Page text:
A perfect example of this behaviour cycle is witnessed in the above-mentioned punishment via online humiliation. Parents, by all means, should teach and expect respect. In my experience, there’s really only one way to teach your children to respect others, and that is by respecting your children. Your children learn to respect you and others by whether you respect them and others. If you’re of the fold that believes children should be seen and not heard, you’re surely not showing them any respect as an individual. In removing any meaningful avenue of self-expression and initiating in the child a sense of disempowerment, you sow the seed of rebellion.
In the face of a lack of freedoms and rights, people will game the system. Period, full stop.
If parents wish to curtail online bashing by their kids on <insert favoured social media here>, it’s incumbent upon them to give their kids a voice. Children should be empowered to state their concerns. Parents may not want to think of a family unit as a democracy, but by trying to run a household as a dictatorship or theocracy, you’re doomed to creating an environment of unrest.
What about punishment?
By all means, we need to teach that actions have consequences, but many people send the wrong message. In the above examples of public displays of shooting laptops and defacing Facebook pages, parents teach the following lessons:
- Parents will disallow any avenue of self-expression possible and, failing to do so, will resort to public humiliation as required to force desired conduct;
- Parents will flagrantly disregard TOU and even state/federal law to create said humiliation (accessing and defacing a Facebook account is simply not legal, let alone moral behaviour);
- In the face of an apparent lack of respect, the parent will show no respect whatsoever to the alleged offender (in this case, the child).
These are not the intended messages, but they are the messages being imparted at a deeply subconscious level.
We humans learn by example. Our parents are our role models. If you’re a parent, you have an obligation to understand how your actions will ultimately unfold. If you want to be respected by your kids, show your kids respect. It’s a logical fallacy to think that respect is earned. Respect is given or not. Trust, too. One chooses their stand and reaps the reward of that decision.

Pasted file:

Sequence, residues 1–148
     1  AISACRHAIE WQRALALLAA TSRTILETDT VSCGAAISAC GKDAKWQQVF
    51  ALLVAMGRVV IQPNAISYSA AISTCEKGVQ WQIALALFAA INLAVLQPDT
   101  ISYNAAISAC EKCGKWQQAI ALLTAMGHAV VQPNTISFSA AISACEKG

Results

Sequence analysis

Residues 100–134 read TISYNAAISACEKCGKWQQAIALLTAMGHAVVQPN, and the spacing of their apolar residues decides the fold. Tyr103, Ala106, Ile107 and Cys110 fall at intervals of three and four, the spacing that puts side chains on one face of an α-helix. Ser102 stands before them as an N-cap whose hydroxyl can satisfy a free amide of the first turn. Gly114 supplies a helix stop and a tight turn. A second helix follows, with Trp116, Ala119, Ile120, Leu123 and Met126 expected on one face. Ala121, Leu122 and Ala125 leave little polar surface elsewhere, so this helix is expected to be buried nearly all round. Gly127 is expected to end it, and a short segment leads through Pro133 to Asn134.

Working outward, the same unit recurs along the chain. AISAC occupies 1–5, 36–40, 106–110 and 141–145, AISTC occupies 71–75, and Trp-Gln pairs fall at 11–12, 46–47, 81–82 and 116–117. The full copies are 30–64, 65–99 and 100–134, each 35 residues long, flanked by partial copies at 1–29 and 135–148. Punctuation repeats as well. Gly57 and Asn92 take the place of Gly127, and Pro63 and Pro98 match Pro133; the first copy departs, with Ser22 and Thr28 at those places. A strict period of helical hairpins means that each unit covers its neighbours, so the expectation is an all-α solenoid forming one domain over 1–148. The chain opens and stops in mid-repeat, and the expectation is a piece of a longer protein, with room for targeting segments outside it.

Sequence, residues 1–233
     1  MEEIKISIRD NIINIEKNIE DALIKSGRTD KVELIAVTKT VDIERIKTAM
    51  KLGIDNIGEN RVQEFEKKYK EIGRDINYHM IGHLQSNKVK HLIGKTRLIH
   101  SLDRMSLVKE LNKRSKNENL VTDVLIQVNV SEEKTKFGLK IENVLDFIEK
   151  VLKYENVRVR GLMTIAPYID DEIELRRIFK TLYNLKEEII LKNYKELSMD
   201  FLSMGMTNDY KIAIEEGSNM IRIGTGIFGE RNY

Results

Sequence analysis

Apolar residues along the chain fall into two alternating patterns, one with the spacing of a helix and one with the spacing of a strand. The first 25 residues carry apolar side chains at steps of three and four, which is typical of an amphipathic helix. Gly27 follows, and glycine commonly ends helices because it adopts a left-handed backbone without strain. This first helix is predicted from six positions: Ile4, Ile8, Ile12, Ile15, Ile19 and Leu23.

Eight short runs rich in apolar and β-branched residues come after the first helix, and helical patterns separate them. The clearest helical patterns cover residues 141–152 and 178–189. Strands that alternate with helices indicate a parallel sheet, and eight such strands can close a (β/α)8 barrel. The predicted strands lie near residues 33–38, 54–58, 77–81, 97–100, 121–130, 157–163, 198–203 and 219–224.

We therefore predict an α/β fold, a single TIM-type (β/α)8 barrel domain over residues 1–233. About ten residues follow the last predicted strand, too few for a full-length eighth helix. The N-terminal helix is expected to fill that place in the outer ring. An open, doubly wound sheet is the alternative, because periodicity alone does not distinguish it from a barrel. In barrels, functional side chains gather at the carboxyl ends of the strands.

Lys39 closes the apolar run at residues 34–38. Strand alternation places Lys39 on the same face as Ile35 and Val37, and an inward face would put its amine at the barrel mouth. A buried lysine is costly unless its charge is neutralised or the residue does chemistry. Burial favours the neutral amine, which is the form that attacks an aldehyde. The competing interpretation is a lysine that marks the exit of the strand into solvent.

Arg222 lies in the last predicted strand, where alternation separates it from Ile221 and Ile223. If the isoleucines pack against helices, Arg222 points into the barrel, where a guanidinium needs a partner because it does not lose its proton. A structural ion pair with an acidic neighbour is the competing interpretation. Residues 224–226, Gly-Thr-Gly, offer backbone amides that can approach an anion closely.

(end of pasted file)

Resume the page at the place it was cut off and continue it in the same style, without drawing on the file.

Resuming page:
So, parents of the world, my advice to you is simple: If you want to keep your kids from badmouthing you on Facebook, give them a real voice at home. Everybody has reasons for disagreement. Those who learn to discuss them from a place of trust and understanding can, inevitably, come to some common understanding. Beyond that, however, is the more important point of why any such badmouthing bothers you in the first place. This, too, has deep significance.
If you’re worried about what others say, even — or especially — your kids, then you might want to evaluate how you perceive your worth. Do you depend on others holding you in high esteem as a means of determining your worth and value as a person? If so, you’re selling yourself really short and, worse, empowering others to control your happiness. What others say or think about you has nothing whatsoever to do with your actual worth as a person. Your worth stands apart from anything others may say or do. Your legacy is yours to create and yours alone.
If we want our kids to lead lives rich with tolerance, freedom, responsibility, respect and altruism, we need to live these ideals in our own lives. You can’t demand respect from your kids in the absence of same in their regard and expect to be respected. Life doesn’t work that way. Expressing intolerance, humiliation, bullying and retaliation as parents will create exactly those attributes in our kids.
On my own journey as a father, I’d like to thank my kids — (in chronological order) Tara, Skye, Jasmine and Nigel — for their help in teaching me to do a better job of it. I hope to keep getting better.